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Break the Stillness

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My neighbor. Jesse. His eyes were the ocean and he always held a coffee stirrer between his teeth


I think I miss him. We always sat on the dock behind the 7-Eleven, cutting school. Me, because my parents were up yelling all night; him, who knows? He was always pretty quiet. We had that casual kind of friendship, one where silence wasn’t awkward and we were cool with just being together. We would sit quietly, a comfortable few feet apart from each other, toes dangling in the murky water below, his dark eyelashes closed, locking out the rest of the world. My eyes would train on him, watching. I would breathe in the fresh, prickly air that made my lungs sting. He really was quite beautiful in a shadow-like kind of way.


This was all back when I still loved to swim, far, far out to where the water turned black and all I could see and all I could feel was the ocean. My life would disappear then, as I floated on my back, my hair trailing through the water, sharp with cold. I would spread my chattering lips into a smile because I was so free and so far away from my life and my family and there was no sound that could break the stillness except for the sound of the sea. Rocking me to sleep like I was a baby again. Innocent and watching the sunset that was red and gold, and watching for that one flash of green when the sun disappeared behind the horizon; that one moment that I always strained my eyes to catch a glimpse of, but always seemed to miss.

I dreamed of becoming a deep-sea diver then, uncovering all the beauty under water, all the lines and angles and mysteries that hide there. Now just looking at the ocean makes my world shake, turning in circles until I’m sure I’m going to throw up, making me crazy and dizzy. I see his eyes, wide open and dark, but still so, so beautiful. I see the green flash cast his skinny body in shadow, and I see his teeth that always used to hold a coffee stirrer between them clench. I see myself swimming faster than I ever had before, but then reality returns, and I remember it’s too late. Nothing has changed. Jesse is still dead and even though I’d like to blame God for it, I know that it is still all my fault.


The day he died I skipped church for the first time. Wearing my Sunday clothes and shiny shoes, my hair straight and brushed, I had run, no destination in mind, angry at my mother and my father for their yelling and their violence and their stupidity and their carelessness that lead them to have me in the first place.


The sky was bright and the streets empty, all the tourists gone home for the winter and all the bakers and businessmen and shop owners still asleep in their beds. I could hear the blue, blue waves of the ocean breaking on the shore, and I could see the rambling silhouette of a boy sitting on the edge of the dock. Jesse. I still see his shadow everywhere.


I remember walking over and sitting down beside him on the soggy boards of the dock, closer than I ever had before. The waves ate at my shoes again and again, carrying discarded Wendy’s cups and old Snickers wrappers with them, the water soaking through to my feet so that I could feel the cold and the wet and the pure all the way down to my toenails. Jesse had smiled then, I remember, his wide eyes glinting and his teeth clenched around a coffee stirrer like always.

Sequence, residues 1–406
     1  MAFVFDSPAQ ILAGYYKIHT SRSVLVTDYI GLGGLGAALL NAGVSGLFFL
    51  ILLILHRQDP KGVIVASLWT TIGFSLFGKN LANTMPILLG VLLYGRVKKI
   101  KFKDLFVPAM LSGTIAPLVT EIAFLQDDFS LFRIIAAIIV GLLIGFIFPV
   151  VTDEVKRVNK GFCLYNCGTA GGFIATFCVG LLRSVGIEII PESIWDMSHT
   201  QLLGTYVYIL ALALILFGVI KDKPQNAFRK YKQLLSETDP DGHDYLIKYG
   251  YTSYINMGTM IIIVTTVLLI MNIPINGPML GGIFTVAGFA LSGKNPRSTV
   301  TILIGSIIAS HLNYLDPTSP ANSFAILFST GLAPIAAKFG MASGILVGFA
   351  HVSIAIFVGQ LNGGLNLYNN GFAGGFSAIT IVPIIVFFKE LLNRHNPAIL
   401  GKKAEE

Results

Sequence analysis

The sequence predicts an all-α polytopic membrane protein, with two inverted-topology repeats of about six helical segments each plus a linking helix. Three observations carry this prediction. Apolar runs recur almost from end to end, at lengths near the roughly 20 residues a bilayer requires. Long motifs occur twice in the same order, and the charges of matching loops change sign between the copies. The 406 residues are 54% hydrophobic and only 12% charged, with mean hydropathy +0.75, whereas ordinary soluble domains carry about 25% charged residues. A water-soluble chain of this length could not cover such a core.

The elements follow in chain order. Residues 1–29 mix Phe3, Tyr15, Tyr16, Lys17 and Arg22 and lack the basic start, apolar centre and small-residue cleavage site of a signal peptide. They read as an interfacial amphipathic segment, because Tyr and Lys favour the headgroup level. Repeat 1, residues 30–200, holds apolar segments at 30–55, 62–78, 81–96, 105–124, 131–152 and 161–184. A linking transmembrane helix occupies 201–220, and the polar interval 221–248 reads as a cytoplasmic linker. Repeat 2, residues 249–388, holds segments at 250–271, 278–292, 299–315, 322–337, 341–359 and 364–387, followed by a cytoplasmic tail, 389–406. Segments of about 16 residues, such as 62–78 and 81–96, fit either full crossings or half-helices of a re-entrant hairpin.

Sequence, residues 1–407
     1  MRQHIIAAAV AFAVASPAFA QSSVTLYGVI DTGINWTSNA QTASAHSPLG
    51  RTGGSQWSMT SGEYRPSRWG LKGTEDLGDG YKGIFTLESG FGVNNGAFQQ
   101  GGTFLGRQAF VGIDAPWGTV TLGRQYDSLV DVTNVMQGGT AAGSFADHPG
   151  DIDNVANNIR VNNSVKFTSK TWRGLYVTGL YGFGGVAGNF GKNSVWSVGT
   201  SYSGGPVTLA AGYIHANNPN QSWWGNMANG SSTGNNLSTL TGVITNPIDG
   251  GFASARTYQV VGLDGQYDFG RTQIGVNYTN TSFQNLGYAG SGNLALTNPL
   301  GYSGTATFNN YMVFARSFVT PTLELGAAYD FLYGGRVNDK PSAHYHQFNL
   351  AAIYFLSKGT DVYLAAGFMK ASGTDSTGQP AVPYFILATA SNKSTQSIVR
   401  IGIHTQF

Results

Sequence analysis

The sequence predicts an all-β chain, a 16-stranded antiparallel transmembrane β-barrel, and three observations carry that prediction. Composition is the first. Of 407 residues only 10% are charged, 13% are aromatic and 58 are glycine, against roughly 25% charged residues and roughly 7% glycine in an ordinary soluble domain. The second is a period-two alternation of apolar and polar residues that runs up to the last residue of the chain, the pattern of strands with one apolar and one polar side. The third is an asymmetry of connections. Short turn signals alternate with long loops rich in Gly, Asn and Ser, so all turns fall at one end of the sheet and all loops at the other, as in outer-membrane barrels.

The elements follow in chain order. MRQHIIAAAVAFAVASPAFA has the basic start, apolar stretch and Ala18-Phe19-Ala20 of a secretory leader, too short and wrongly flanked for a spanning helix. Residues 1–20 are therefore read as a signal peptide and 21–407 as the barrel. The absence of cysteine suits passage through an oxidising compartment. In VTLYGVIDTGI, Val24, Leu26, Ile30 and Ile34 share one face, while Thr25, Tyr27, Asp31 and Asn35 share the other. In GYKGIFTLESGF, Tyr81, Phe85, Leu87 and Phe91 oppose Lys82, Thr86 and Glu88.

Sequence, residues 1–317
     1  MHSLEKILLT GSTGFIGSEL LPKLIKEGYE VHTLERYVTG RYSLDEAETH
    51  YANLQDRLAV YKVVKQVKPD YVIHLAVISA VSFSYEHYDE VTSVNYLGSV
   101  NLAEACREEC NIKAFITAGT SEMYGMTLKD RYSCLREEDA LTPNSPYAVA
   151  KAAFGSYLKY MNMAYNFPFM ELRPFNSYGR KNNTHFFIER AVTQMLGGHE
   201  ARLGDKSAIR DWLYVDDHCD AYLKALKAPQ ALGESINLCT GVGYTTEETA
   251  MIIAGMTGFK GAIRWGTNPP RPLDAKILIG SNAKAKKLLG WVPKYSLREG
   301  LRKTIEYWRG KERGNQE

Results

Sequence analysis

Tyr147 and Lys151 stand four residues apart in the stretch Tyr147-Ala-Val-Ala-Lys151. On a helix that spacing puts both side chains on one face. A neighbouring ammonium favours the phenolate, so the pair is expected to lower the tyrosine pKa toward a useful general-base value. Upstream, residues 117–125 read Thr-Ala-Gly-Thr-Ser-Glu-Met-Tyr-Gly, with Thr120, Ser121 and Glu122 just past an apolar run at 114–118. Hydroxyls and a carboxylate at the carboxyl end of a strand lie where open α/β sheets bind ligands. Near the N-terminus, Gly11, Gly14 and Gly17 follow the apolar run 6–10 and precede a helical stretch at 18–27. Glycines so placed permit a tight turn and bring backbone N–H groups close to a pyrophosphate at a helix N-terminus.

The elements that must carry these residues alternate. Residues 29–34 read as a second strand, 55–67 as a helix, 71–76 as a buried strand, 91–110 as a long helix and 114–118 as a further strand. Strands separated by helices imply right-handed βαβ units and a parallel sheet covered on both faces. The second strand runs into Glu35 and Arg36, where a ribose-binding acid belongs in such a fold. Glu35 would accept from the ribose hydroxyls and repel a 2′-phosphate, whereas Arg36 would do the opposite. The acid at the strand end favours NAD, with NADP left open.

“Hey, Cat” he said, in that soft, twinkle-toed voice of his. “You ever wonder what it’d be like to escape? You ever wonder what it’d be like to swim way out there, way over where the world just seems to end?” Jesse had a way with words like that. His eyelashes closed at the thought and I just smiled at him and slid into the water with barely a splash, still wearing my Sunday dress but barely even noticing because I was ready to escape this town and ready to escape this world and ready to travel out to where the world just ends. And I think that Jesse was too.


His fingers caught with mine, and there we were, standing just below the dock, waist deep in the water, my dress catching and billowing with every wave that passed us by. I felt close to him, with our hands locked together, looking out at the painted ocean surrounding us, just eons and eons of ocean. At that moment all I wanted was to get away, and although I don’t know about him, I know I wanted to come back someday.


It made my heart race when that wave separated us, feeling for his hand again only to realize that my ocean, my peaceful ocean with all of its mysteries, had blown him away. The water was dark and thick and it hurt my arms to move through it. I was sinking. I was waiting.


I wanted to find him. I needed to. Suddenly the ocean was alive and roaring, foam filling up my eyes and ears. Everything was black except that white shadow that was Jesse. My throat caught, and then I was swimming towards him in a rush of madness, waves toppling over my head and creeping inside of it. I was screaming at him, screaming at him to do something, to not just sit there and let the ocean eat him away.


He got his escape, and he was gone when I reached him. Pale hands and bloodshot eyes and shadowy. Beautiful but gone. I can’t remember whether he still held the coffee stirrer clenched between his teeth.



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guitargirl516 said...
Jul. 6, 2010 at 5:20 pm:

oh, thats so sad!

is this a true story?

 
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